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We often share with you families’ tears, sadness and anger in the hours and days after the murder of a loved one.  What you don’t often see is what can happen in the months and years that follow that loss.

“You can’t bring Kelli back so what we’re trying to do is keep her memory alive,” said John O’Laughlin.

John’s daughter Kelli was murdered in 2011 in Indian Head Park when she came home from school and interrupted a burglary. Kelli’s mom believes keeping her daughter’s memory alive is part of her own healing process.

“If I didn’t have this to keep me going, if it wasn’t for her, I probably wouldn’t be sitting here today,” said Brenda O’Laughlin.

In the months and years that followed their daughter’s death, the O’Laughlins have tirelessly worked to honor Kelli’s memory.  They created a foundation that’s raised more than $359,000 and awarded 56 college scholarships.  It’s also paid for kids to attend Kelli’s favorite summer camp, Camp Tecumseh.  They’ve paid for uniforms for Lyons Township High School athletic teams and delivered toys to the Ronald McDonald House.

They’ve used Kelli’s middle name “Joy” as their inspiration.

“We want people to remember her for good and joy,” John O’Laughlin said. “We want that to be the memory and not that a poor little girl was murdered in her house. That’s how we started but that’s not where we want to end up.”

The O’Laughlins say they’ve been overwhelmed by the support they’ve received from friends and strangers alike.  Among them, a street department foreman from Hobart, Indiana.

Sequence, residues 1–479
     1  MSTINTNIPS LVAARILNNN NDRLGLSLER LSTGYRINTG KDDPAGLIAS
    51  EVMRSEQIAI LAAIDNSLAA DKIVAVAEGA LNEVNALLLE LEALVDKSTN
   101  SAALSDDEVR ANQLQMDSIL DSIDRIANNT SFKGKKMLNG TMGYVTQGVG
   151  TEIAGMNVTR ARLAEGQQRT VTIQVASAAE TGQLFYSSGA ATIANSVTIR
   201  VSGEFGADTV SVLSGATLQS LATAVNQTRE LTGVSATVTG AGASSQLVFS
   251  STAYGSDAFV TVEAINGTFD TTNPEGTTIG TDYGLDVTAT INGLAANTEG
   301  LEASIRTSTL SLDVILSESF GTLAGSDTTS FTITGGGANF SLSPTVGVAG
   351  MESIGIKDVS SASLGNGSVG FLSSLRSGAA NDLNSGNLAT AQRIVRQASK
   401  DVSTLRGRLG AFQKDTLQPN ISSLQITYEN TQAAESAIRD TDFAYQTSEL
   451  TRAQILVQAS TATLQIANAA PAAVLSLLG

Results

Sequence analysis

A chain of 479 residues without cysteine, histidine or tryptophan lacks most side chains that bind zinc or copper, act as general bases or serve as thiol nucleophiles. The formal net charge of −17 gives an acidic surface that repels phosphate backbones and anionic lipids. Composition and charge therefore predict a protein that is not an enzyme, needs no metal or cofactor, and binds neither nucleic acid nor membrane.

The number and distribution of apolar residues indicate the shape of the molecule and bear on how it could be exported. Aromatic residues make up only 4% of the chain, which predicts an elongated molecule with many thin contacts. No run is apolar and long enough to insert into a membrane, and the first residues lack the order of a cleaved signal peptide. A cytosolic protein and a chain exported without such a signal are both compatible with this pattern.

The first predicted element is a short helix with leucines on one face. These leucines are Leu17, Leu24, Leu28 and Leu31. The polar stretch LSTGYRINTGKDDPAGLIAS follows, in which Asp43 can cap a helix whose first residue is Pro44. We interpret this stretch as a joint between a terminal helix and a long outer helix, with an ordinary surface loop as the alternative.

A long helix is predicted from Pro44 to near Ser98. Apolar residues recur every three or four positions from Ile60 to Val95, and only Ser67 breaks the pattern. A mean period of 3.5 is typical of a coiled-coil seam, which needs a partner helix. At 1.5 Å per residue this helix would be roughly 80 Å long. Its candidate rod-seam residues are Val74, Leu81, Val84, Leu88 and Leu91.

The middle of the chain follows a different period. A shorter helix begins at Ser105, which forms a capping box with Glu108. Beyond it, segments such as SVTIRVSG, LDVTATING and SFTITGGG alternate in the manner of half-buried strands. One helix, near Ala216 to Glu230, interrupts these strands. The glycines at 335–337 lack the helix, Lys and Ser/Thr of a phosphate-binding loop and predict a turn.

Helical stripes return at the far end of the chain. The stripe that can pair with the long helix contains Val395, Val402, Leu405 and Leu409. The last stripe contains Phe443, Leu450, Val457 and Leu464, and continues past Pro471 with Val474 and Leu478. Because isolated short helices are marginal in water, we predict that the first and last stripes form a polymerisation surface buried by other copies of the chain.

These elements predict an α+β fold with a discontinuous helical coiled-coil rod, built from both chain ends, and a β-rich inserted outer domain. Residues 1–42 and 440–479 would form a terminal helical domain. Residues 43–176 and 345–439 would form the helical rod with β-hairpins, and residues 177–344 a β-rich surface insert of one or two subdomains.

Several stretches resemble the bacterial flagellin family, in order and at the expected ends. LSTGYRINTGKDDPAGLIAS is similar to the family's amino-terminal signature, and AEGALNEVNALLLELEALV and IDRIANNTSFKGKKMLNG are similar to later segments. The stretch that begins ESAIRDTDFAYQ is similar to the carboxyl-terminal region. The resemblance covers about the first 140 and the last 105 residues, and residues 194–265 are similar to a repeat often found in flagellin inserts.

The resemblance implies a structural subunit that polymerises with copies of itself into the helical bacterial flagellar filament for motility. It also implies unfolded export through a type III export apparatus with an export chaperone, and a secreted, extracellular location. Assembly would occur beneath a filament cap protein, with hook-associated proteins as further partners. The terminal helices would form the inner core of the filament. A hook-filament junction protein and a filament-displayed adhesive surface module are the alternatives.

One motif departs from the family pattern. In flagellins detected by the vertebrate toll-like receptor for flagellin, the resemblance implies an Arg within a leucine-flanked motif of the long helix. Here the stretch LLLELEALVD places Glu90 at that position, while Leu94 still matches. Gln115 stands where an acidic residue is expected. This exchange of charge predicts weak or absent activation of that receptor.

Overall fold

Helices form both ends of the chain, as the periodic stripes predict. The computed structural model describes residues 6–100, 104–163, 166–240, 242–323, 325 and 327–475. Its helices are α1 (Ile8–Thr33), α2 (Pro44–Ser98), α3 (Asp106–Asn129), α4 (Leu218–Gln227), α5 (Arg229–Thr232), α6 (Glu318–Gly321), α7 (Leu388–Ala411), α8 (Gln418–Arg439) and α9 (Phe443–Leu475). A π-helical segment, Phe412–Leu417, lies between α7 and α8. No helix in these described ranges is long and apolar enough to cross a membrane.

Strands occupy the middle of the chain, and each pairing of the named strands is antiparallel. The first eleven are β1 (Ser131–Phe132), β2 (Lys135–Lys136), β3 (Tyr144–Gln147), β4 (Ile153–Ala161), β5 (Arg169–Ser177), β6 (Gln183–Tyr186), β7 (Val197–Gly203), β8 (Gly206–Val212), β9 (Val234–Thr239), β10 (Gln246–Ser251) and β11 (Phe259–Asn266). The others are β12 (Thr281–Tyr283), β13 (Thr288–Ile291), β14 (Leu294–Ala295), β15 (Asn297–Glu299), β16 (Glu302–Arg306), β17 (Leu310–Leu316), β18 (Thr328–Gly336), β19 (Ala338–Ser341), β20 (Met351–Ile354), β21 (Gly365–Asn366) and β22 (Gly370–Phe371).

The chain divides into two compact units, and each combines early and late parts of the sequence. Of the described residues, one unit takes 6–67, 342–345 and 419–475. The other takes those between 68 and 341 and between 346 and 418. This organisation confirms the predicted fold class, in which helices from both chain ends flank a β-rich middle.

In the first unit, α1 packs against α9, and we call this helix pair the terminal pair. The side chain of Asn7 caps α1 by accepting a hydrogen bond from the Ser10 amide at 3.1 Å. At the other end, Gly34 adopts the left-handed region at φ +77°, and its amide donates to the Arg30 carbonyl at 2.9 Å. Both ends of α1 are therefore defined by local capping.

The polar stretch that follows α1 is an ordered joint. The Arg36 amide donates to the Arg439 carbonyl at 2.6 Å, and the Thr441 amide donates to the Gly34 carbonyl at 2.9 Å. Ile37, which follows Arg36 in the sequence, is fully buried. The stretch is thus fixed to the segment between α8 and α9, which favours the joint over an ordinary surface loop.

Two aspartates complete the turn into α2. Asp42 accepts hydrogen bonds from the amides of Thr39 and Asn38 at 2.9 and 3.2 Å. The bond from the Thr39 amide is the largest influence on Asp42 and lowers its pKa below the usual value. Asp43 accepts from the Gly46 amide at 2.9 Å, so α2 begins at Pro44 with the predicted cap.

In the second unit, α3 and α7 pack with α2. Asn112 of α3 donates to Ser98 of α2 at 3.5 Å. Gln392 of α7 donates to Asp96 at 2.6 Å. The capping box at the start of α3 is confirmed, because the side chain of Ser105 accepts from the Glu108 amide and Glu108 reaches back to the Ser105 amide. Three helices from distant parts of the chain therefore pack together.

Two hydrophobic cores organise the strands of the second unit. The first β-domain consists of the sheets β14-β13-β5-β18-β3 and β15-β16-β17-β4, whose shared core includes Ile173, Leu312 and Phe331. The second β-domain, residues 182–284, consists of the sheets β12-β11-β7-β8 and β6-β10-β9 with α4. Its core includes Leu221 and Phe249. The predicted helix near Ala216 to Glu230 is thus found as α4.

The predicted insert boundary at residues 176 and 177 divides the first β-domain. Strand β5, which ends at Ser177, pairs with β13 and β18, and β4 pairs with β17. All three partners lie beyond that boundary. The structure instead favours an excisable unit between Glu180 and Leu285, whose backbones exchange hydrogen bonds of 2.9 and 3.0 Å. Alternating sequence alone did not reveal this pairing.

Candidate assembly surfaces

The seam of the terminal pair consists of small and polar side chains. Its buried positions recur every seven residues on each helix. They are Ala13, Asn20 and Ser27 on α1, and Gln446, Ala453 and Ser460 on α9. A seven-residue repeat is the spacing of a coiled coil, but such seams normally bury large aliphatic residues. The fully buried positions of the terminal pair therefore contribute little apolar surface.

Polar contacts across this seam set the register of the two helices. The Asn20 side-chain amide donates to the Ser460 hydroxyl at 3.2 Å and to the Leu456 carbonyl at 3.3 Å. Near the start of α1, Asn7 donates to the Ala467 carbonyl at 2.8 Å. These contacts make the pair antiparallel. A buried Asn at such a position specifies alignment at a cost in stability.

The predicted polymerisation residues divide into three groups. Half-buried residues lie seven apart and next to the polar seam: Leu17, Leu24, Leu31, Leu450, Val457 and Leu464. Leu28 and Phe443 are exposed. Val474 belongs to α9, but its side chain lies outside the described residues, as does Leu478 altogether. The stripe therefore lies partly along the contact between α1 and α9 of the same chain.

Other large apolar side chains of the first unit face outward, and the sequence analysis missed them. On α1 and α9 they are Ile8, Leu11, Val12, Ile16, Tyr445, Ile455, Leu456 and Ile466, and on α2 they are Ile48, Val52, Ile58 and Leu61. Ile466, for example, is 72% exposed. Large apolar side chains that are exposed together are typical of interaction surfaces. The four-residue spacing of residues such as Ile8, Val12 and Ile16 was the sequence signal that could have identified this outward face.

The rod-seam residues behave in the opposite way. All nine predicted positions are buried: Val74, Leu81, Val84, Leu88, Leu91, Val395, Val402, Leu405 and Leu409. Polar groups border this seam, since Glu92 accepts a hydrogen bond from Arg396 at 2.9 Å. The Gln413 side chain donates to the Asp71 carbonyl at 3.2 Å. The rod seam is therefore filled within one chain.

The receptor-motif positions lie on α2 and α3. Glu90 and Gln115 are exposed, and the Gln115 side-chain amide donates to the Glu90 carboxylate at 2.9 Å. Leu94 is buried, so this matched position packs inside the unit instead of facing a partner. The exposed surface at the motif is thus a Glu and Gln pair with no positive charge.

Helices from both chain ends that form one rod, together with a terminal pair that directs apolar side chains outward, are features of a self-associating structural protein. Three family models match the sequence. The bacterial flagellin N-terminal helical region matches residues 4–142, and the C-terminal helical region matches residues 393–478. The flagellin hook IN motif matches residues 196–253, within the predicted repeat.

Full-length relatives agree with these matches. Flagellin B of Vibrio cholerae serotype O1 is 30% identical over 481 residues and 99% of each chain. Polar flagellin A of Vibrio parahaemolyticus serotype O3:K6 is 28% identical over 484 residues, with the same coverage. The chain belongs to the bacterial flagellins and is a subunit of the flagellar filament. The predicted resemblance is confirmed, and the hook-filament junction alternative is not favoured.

“Never in my life did I ever run until I did the first run for Kelli,” Scott Cummings said.

He started running five years ago and has now logged more than 100 races in Kelli’s honor.  Cummings didn’t know Kelli – or her family – but he’s a father who says he was heartbroken as he watched news coverage of Kelli’s murder.  When he heard her family was sponsoring a run in her honor the next year, he felt called to join.  He’s been running ever since.

“Every time I would run, her name would go across the finish line with me and I felt like she was with me sometimes by doing that.”

Cummings likes to say “he never finishes first, but he always finishes inspired.”

“When I run the races I always think of Brenda never giving up.  All that she’s gone through and she’s never given up.  I feel the same when I run. I’ve never given up on a race yet,” he says.

It’s one more way Kelli’s parents can still find “joy” despite their pain.

“Without the connection of the surrounding community I would fall apart,” Kelli’s mom said. “So for me, to run away from something like this, no. If I ran away that means the perpetrator, that’s what I’ll call him, he would have won.  And there was no way he was going to win.”

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